— It’s been 55 years since Martin Luther King Jr. gave his iconic “I Have a Dream” speech, changing the course of civil rights in America. AARP South Carolina invites members to celebrate the MLK holiday weekend, Jan. 12-15, in Myrtle Beach. AARP is a key sponsor of the celebration, which includes a 5K Freedom Run, film festival, ecumenical service, talent show and parade. Saturday morning will feature a job fair and workshops on contract possibilities for small businesses and the …

— National Urban League President/CEO Marc Morial, who last year hosted a conference themed, “Bridges to Jobs and Justice”, often stresses the need for poor people to have jobs as a key to economic empowerment and civil rights. Marcia Griffin, founder of Homefree USA, says home ownership is crucial to economic empowerment since “96 percent of African-American wealth is in our homes.” Michael Grant, president/CEO of the National Bankers Association, says the key to economic empowerment in the Black community is …

— As America celebrates the 50th Anniversary of the Voting Rights Act (VRA), millions of eyes are on the hard-fought battle that was finally won in 1965. Forums, documentaries, and movies, such as “Selma”, are permeating the airwaves with the historic events that led to the Congressional passage of the VRA, signed into law by President Lyndon B. Johnson on Aug. 6, 1965. But, even as the celebration of the victory has begun, there are those whose eyes remain focused on …

— National Urban League President/CEO Marc Morial, who last year hosted a conference themed, “Bridges to Jobs and Justice,” often stresses the need for poor people to have jobs as a key to economic empowerment and civil rights. Marcia Griffin, founder of Homefree USA, says home ownership is crucial to economic empowerment since “96 percent of African-American wealth is in our homes.” Michael Grant, president/CEO of the National Bankers Association, says the key to economic empowerment in the Black community is …

— By Geneva Craig I was born in Selma, Alabama and I was basically a happy child, I knew that I was cared about and that I was loved by my family. My mother & father, my grandmother (Big Mama), aunts, uncles and cousins surrounded me. We had lots of good times that were filled with sharing & laugher. But something changed within me as I became more and more aware of the society in which I lived. It was a …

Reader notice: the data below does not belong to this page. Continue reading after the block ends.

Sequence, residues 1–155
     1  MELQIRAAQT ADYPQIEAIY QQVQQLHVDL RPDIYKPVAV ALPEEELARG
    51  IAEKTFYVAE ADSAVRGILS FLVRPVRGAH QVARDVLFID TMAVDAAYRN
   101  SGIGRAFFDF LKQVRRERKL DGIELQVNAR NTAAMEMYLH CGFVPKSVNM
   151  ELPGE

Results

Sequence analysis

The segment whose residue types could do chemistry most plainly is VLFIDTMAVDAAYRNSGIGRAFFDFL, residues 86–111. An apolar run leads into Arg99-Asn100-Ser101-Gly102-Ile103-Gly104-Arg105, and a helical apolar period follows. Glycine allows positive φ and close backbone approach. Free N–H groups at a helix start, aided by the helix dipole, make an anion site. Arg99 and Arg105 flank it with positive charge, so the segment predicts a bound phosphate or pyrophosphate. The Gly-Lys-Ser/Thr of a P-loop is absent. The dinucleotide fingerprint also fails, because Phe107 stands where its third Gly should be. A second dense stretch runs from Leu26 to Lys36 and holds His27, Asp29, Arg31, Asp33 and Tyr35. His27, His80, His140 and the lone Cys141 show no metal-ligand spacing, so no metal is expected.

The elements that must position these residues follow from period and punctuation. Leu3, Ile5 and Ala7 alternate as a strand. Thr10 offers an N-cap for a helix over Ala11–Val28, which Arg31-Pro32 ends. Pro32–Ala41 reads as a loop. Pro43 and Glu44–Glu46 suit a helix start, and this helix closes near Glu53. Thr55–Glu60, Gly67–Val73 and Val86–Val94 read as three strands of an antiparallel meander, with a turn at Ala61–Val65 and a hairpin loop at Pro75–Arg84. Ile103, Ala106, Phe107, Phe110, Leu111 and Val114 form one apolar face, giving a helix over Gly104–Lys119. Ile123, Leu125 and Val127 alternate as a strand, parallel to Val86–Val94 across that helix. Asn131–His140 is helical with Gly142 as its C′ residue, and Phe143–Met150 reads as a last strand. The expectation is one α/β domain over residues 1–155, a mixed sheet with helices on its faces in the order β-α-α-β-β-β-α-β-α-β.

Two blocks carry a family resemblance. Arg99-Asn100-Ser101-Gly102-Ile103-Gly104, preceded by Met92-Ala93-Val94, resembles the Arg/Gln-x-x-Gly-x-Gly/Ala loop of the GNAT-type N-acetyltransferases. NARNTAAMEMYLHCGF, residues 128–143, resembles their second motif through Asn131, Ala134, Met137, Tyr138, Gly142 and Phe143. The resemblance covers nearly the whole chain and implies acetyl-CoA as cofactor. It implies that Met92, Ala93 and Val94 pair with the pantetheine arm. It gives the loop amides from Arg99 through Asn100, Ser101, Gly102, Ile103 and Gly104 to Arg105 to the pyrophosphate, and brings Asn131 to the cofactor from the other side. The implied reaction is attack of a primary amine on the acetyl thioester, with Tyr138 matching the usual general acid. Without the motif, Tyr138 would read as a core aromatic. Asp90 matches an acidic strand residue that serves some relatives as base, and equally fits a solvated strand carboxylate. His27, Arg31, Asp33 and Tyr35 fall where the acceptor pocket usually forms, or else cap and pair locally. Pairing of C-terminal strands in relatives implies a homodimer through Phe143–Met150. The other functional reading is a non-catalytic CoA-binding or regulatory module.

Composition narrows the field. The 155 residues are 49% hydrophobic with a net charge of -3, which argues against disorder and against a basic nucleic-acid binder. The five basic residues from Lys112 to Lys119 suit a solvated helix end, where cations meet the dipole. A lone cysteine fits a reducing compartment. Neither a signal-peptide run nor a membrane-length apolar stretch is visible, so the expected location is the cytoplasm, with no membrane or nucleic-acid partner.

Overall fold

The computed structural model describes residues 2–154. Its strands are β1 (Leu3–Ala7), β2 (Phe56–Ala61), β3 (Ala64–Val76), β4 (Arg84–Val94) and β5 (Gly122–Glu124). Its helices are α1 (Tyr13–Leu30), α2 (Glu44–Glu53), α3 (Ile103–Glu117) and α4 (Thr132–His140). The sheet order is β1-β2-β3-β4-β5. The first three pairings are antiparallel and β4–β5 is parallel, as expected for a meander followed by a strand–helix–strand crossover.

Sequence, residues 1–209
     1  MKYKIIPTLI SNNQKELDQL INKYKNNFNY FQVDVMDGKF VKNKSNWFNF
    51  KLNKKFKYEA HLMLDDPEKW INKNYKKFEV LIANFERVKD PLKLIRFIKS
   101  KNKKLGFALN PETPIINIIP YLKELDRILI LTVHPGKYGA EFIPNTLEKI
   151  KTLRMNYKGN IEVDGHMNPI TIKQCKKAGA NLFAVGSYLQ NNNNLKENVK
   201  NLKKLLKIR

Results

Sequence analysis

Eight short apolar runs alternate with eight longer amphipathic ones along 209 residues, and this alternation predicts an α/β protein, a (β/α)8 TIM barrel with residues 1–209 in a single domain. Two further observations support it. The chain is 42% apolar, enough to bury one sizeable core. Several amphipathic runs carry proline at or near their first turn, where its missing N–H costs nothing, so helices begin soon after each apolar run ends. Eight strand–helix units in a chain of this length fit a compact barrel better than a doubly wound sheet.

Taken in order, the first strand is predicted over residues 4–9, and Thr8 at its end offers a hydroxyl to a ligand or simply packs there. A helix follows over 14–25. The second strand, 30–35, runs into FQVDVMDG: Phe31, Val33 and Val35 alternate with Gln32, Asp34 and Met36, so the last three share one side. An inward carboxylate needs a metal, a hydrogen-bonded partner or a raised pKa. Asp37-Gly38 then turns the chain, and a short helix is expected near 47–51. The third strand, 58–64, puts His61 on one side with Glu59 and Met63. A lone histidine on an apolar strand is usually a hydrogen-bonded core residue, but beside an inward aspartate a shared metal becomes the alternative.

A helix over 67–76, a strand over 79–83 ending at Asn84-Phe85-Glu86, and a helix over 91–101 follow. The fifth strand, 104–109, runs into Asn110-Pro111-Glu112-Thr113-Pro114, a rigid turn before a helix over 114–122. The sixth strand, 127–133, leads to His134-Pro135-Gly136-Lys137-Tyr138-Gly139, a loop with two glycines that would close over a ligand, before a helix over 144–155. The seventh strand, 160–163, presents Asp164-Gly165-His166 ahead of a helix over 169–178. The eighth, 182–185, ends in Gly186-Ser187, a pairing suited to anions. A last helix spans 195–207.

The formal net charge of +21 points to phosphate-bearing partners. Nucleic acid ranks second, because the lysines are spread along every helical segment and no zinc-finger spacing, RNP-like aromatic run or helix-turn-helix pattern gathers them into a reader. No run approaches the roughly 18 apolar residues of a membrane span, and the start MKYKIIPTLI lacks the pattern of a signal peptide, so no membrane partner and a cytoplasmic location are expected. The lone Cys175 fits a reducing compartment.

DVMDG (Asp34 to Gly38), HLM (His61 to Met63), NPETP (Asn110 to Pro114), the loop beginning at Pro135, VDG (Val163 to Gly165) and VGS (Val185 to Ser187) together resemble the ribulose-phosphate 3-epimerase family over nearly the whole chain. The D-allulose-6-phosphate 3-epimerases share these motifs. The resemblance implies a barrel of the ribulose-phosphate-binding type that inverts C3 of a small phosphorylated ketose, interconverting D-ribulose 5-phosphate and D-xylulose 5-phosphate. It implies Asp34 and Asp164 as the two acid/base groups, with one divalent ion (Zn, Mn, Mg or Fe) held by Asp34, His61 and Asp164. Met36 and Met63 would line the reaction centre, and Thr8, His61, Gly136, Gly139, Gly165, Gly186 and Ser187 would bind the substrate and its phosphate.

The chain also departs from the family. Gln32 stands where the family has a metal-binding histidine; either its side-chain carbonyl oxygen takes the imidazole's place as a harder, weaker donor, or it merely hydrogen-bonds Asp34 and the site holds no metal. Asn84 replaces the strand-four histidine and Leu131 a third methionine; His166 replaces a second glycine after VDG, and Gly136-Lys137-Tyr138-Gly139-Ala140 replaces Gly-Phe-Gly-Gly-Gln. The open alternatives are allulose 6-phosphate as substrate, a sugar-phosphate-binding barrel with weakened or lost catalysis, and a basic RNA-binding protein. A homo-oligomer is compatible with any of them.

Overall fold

—   By Elaine Friesen-Strang On November 12, 2014, the Portland City Council received a progress report on what has transpired in our community since adopting a detailed action plan developed by the Age-Friendly Advisory Council. Following brief discussion, Mayor Charlie Hales and council members voted to pledge their continued support of the Plan, extending efforts to make Portland a more livable community for people of all ages.  In his opening comments, Mayor Hales highlighted the need for walkable neighborhoods, accessible …

— AARP Georgia and The National Center for Civil and Human Rights, Inc. (NCCHR) are unveiling a special discount to AARP members as part of NCCHR’s inaugural year membership campaign. AARP Georgia values its 1 million members within the state and the organization is excited to expand its local membership benefits. This partnership will allow AARP members access to a 30% discount on a one-year Founding Membership to the Center for Civil and Human Rights. This special offer is valid through …

— AARP Georgia in collaboration with In the Life Atlanta is screening the film, Brother Outsider illuminating the life and work of Bayard Rustin, a visionary activist and strategist who has been called “the unknown hero” of the civil rights movement. A tireless crusader for justice, a disciple of Gandhi, a mentor to Martin Luther King Jr., and the architect of the legendary 1963 March on Washington, Rustin dared to live as an openly gay man during the fiercely homophobic 1940s, …

— AARP Oklahoma member Joyce Henderson gets chills watching the grainy black and white film of Martin Luther King, Jr., delivering his iconic “I Have a Dream Speech” fifty years ago. “Sometimes I have to pinch myself to believe I was actually there that day,” she says. “Who would have thought half a century later I’m still reflecting on August 28, 1963.” Click HERE to watch a video of Joyce reflecting on the March on Washington. Henderson — a 17-year old …

— Today, the nation reflects on the civil rights movement and race relations as we mark the 50th anniversary of the March on Washington and Dr. Martin Luther King Jr.’s evocative “I Have a Dream” speech. To commemorate, AARP brings you the words—and voices—of six people who were there that day and participated in the march. The six include: Edith Lee-Payne (pictured at left), a 12-year-old girl from Detroit; Gordon H. “Gunny” Gundrum, a U.S. Park Ranger chosen to guard Dr. …